Anyway, we were travelling with another narrowboat which, I knew from experience a few days ago, was very able to show us a clean pair or heels. I was more than a bit relieved when the skipper idly said in the lock, don't worry - I will keep you in sight. At least there was another narrowboat out on the river.

I am used to being locked up into Keadby so it was a bit strange to find myself being locked up onto the river, which the night before was so far beneath us. The gates opened and there was the chocolate brown waters of the Tidal Trent streaming past the entrance. The other boat went first and no sooner was he out than he was whisked away on the current. We gave the engine a bit of welly and pressed out hard on his heels.

As we left the lock the keeper called - take it gently. As if we had any choice. We got out into the stream, very aware that for a breasted pair we were under powered, and settled the engine to a steady 1500 revs. This takes our movement on still flat water to 3.00 mph and is a rate we can maintain without overheating the engine. The issue is that we don't often do this for hour after hour and this isn't somewhere for things to go wrong.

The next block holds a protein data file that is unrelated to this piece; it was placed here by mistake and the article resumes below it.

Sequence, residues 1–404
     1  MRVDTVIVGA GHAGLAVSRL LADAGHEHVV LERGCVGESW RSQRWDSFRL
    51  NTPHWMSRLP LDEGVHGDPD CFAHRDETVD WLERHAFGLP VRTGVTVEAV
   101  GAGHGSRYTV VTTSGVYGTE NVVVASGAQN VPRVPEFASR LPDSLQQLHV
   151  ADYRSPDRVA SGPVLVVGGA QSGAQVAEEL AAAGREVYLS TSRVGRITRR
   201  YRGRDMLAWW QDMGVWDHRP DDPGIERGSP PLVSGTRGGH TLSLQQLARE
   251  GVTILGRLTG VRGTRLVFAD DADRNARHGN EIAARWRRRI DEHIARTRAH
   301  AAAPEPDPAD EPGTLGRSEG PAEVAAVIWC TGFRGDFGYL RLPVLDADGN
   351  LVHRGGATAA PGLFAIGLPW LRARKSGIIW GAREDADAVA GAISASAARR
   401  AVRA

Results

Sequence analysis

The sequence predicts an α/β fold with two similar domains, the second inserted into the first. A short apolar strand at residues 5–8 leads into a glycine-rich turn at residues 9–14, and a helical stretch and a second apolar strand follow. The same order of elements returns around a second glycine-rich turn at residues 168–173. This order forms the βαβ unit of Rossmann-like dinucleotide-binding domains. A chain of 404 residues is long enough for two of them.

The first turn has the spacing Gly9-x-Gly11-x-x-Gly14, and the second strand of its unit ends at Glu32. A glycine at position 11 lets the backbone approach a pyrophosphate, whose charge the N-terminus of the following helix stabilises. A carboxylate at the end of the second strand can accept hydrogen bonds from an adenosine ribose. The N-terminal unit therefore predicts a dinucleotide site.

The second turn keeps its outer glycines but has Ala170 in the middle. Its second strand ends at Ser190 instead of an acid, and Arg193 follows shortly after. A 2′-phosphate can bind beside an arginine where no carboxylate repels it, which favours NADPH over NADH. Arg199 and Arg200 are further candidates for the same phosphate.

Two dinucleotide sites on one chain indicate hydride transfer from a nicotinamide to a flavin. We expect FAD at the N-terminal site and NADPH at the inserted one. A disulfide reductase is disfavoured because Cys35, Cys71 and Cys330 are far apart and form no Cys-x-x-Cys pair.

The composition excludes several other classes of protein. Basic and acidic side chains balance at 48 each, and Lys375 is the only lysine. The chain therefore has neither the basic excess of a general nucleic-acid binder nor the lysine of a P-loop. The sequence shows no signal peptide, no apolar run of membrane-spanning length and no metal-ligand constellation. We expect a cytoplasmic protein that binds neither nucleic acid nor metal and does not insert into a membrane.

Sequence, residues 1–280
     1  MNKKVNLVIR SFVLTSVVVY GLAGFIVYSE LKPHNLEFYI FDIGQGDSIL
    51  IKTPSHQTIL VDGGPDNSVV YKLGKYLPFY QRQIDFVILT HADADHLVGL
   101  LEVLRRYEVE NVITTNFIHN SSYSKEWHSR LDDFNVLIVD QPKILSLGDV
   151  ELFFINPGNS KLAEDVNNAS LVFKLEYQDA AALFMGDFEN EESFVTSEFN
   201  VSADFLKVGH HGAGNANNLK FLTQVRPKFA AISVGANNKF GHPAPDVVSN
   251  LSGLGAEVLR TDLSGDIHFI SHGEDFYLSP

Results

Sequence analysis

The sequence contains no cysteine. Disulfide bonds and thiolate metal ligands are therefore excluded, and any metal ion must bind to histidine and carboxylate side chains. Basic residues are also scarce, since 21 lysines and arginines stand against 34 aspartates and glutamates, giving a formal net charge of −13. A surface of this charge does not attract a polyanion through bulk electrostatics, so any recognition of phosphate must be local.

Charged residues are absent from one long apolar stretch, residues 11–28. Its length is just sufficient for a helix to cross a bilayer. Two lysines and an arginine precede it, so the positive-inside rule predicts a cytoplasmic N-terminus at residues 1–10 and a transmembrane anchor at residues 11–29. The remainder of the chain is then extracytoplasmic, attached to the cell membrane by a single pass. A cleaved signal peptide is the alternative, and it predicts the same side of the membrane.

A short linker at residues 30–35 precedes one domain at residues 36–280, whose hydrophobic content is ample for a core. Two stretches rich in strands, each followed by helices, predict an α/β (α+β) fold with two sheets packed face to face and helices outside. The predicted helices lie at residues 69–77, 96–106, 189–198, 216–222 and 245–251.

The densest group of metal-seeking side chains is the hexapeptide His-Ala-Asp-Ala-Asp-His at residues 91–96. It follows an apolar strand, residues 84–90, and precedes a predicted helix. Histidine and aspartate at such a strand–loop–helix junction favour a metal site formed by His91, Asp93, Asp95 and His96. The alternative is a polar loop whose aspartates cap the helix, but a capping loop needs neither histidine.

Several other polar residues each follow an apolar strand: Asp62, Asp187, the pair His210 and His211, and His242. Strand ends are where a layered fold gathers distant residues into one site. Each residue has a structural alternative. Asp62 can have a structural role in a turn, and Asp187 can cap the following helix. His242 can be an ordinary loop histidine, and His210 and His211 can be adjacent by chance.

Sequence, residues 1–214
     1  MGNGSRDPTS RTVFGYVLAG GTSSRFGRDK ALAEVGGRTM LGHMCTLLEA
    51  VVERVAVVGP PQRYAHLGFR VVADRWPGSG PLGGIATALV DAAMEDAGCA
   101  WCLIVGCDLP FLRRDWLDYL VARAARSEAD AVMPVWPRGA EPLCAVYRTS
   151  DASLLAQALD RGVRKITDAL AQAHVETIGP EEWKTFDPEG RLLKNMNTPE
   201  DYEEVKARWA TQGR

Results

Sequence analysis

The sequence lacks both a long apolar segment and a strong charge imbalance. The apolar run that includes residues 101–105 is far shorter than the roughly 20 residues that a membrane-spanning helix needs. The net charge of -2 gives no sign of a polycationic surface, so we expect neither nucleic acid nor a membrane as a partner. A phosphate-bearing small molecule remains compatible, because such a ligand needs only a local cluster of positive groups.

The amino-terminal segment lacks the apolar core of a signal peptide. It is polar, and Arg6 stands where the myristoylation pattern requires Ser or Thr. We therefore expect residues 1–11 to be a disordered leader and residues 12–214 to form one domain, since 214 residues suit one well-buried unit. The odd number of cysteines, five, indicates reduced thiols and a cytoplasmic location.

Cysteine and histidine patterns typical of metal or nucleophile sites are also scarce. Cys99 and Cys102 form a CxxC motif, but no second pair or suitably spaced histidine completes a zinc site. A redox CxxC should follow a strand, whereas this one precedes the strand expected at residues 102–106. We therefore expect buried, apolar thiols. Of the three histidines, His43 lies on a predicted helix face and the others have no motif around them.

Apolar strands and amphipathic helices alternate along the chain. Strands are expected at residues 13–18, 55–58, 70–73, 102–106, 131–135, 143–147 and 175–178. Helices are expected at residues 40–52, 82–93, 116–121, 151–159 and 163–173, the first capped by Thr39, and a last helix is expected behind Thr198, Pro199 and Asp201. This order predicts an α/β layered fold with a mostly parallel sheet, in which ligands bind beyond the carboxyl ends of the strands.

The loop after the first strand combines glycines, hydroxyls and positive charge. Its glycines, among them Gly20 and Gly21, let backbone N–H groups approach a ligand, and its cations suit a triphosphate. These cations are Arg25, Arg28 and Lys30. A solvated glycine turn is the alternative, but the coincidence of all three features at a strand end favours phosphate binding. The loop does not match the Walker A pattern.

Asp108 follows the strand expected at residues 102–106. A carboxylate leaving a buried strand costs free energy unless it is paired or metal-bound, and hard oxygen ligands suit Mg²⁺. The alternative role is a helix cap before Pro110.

Our thin line of connection with the outside world

Paul Balmer was there to wave us goodbye and we were immediately monitoring progress via the GPS function on his map app. Our little red dot was scudding up the river, peaking out at 7.58 mph near the motorway bridge. This told us that the underlying current was 4.58 mph and simple maths told us there was no way back.

With about 13 miles to cover we watched for each landmark, breathing a sigh of relief as we crossed the half way point after 50 minutes. The twist is that as the flood tide reaches its peak its flow decreased, so the tidal assist declines. This tideway malarkey leaves you very dependent of the expertise of the lock keepers. Whilst the other narrowboat was probably a mile ahead, we saw it in the distance on each of the long straight racks and each time it appeared we breathed a little easier.

Reflections in a teapot

However, all was not without incident. The river is awash with debris and you spend a lot of times weaving around the larger bits of floating rubbish. What you cant account for is the submerged crap and at one point what was probably a bundle of sticks caught in the prop and we lost all power. It took two or three blasts of astern before the obstruction cleared and we were starting to visualise an emergency weed hatch visit. Not something I would wish on my worst enemy at that point in time.

His nibs out on the tideway

The miles clicked off, three, two and one and which point we tried to reach West Stockwith on the VHF to see if we were going too fast or too slow for the tide. Our calls went unanswered and we soon saw that the other boat, which had been a mile ahead, was marking time outside the lock waiting for high water. At this point the VHF burst into life and it became apparent that he wasn't expecting a breasted pair. We would have to wait for 10 to 15 minutes while the first boat locked in.

Stemming the flow outside West Stockwith Lock